The executive director of MCILS has the authority to waive either the required trial experience or years of experience needed to work on certain types of cases if the lawyer does not have both.

Within two years 85% of new attorneys taking court-appointed work from MCILS and half of all existing lawyers doing this work will need to meet the commission’s set standards.

In five years, the courts made at least 2,000 assignments for complex criminal cases that required a specialized attorney to lawyers who were not eligible to work on those case types or lacked the requisite years of experience, an investigation by the Monitor and ProPublica published in 2021 revealed. 

MCILS’s director at the time, John Pelletier, had routinely overlooked the agency’s own rules and approved the court’s assignments. Pelletier had also never enforced MCILS’s standards for lawyers to defend parents at risk of losing custody of their children between 2011 and 2020, the Monitor reported.

Within three months of the settlement being approved, MCILS and the ACLU of Maine will begin a system-wide performance evaluation. They will look at data and regularly observe court proceedings across the state to identify needed changes within 18 months.

MCILS will also be required to begin evaluating individual attorneys with targets of doing random individual evaluations of 20% of new counsel and 5% of lawyers that have done commission cases for five or more years.

Evaluations will include at least one in-person court observation and a review of time records, three randomly selected cases and three samples of the lawyer’s written work from the prior year, according to the settlement.

MCILS has also agreed to investigate and resolve 95% of all complaints about attorney performance within the next three years.

Several of the large-scale reforms proposed in the settlement, including adding employees and public defender units dedicated to appellate and post-conviction case work, require money from the state government. 

MCILS and the ACLU have agreed to jointly advocate to lawmakers for funding for the reforms that require state funding. An estimated cost of the overhaul has not been established.

“These provisions represent a unique solution to the reality that it is not possible — whether through settlement or judgment — to compel particular appropriations from the state treasury,” according to the proposed settlement.

State lawmakers approved funding to open the state’s first public defender office earlier this year, providing money to hire five trial-level public defenders, a supervisor and a new deputy director.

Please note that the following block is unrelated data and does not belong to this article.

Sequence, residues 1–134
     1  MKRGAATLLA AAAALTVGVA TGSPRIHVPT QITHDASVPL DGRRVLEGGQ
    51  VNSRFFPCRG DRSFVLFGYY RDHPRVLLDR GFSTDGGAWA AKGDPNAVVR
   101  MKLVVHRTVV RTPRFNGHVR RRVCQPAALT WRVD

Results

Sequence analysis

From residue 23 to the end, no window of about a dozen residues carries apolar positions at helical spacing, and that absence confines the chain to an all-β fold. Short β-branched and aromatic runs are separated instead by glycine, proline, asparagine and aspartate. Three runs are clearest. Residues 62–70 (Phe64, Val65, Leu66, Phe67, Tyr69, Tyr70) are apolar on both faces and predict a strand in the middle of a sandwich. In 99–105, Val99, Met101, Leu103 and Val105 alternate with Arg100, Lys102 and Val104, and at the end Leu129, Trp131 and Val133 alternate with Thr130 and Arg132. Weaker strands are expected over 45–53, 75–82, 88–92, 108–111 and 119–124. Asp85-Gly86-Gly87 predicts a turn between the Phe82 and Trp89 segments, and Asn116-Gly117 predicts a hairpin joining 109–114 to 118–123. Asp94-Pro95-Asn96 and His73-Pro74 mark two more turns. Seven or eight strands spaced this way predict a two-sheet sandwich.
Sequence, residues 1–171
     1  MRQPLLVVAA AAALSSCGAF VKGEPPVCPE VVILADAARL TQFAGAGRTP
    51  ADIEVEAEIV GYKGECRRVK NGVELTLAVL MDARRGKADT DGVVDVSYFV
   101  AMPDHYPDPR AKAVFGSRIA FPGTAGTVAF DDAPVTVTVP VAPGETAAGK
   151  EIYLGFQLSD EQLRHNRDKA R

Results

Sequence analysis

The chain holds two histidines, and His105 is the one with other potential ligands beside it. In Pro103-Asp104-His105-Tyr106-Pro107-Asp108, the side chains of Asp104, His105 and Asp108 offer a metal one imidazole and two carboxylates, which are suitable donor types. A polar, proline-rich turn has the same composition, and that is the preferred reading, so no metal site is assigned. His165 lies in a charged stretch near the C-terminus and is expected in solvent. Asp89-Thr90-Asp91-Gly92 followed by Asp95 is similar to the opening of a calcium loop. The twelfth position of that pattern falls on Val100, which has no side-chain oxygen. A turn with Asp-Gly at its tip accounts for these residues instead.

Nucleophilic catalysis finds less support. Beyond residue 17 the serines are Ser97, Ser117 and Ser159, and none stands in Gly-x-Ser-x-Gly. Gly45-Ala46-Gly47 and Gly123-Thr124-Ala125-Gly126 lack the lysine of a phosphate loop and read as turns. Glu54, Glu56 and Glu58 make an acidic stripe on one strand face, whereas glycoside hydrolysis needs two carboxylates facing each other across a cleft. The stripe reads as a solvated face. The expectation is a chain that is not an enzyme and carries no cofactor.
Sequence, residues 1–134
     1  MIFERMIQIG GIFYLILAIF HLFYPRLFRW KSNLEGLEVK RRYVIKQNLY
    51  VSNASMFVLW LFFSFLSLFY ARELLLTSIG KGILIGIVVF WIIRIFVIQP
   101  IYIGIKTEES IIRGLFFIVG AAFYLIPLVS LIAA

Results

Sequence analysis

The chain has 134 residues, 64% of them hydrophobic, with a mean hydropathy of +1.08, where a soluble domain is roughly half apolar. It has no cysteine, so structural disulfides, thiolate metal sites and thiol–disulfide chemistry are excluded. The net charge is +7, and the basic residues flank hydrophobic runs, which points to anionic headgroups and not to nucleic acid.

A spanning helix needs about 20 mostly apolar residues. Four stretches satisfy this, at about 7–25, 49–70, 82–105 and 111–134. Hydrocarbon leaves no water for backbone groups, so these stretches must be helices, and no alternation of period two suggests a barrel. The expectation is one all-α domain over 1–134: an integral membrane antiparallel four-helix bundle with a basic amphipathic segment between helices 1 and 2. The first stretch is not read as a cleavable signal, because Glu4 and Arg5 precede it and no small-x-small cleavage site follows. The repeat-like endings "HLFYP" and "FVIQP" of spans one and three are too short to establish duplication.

Hundreds of hard copy court records in folders on a shelf in a Maine court house
As part of the settlement, MCILS agreed to enforce those caseload limits for most of the lawyers it oversees, in an attempt to ensure they will not be overloaded. Photo by Gabe Souza.

Conditions in the criminal court system have deteriorated since the ACLU filed its lawsuit in March 2022. Judges, court clerks and MCILS have struggled to find enough defense lawyers to provide an attorney to every person that needs one. 

Some defendants have gone weeks without being assigned an attorney, MCILS emails show.

Justice Murphy warned the parties earlier this month to be ready to litigate the case if it did not reach a settlement, the Monitor reported. She said the state’s system of providing defense lawyers to indigent clients has “deteriorated significantly” in recent months.

Defense lawyers who are accepting court-appointed cases said they are often overloaded. 

Christopher Somma, who practices in Maine, New Hampshire, and Massachusetts, was assigned to 40 cases within six weeks of adding his name to Maine’s list of lawyers willing to do court-appointed cases in February. It was overwhelming and the emails asking for him and others to take even more indigent clients haven’t stopped, he said.

“I am not a grocery store clerk and this is not a conveyor belt. These are people,” Somma said. “I can take all the cases you want to send me, but at what point am I doing a disservice to the person I’m representing? Because there’s only so many hours in my day that I can devote to helping somebody.” 

He said that the courts need to be more accommodating with defense lawyers and prosecutors need to drop less serious cases to conserve judicial resources. 

Still many of the state’s criminal defense lawyers are maxed out on cases and exhausted, he said.


Samantha Hogan

Samantha Hogan focuses on government accountability projects for The Maine Monitor. She joined the newsroom as its first full-time reporter in 2019 with Report for America. Samantha was named the 2021 Maine’s Journalist of the Year by the Maine Press Association, and spent 2020 reporting on Maine’s court system through the ProPublica Local Reporting Network. Her reporting on county jails recording and listening to attorney-client phone calls won the Silver Gavel award from the American Bar Association and was also a semi-finalist for the Goldsmith Prize for Investigative Reporting in 2023. Samantha previously worked for The Frederick News-Post and interned twice for The Washington Post.